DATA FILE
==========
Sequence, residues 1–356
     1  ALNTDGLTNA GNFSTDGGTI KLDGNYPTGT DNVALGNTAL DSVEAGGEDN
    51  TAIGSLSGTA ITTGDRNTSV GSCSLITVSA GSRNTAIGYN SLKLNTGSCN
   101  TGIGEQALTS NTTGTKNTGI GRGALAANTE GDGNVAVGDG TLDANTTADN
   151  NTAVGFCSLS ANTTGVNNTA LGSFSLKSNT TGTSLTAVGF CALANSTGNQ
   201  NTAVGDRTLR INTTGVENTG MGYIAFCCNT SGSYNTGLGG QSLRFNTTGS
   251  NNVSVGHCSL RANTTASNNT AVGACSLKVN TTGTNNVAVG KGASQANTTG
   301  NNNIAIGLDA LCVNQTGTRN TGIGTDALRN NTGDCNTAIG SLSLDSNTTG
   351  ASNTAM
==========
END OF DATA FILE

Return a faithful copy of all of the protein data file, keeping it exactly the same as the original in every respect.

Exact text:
Sequence, residues 1–356
     1  ALNTDGLTNA GNFSTDGGTI KLDGNYPTGT DNVALGNTAL DSVEAGGEDN
    51  TAIGSLSGTA ITTGDRNTSV GSCSLITVSA GSRNTAIGYN SLKLNTGSCN
   101  TGIGEQALTS NTTGTKNTGI GRGALAANTE GDGNVAVGDG TLDANTTADN
   151  NTAVGFCSLS ANTTGVNNTA LGSFSLKSNT TGTSLTAVGF CALANSTGNQ
   201  NTAVGDRTLR INTTGVENTG MGYIAFCCNT SGSYNTGLGG QSLRFNTTGS
   251  NNVSVGHCSL RANTTASNNT AVGACSLKVN TTGTNNVAVG KGASQANTTG
   301  NNNIAIGLDA LCVNQTGTRN TGIGTDALRN NTGDCNTAIG SLSLDSNTTG
   351  ASNTAM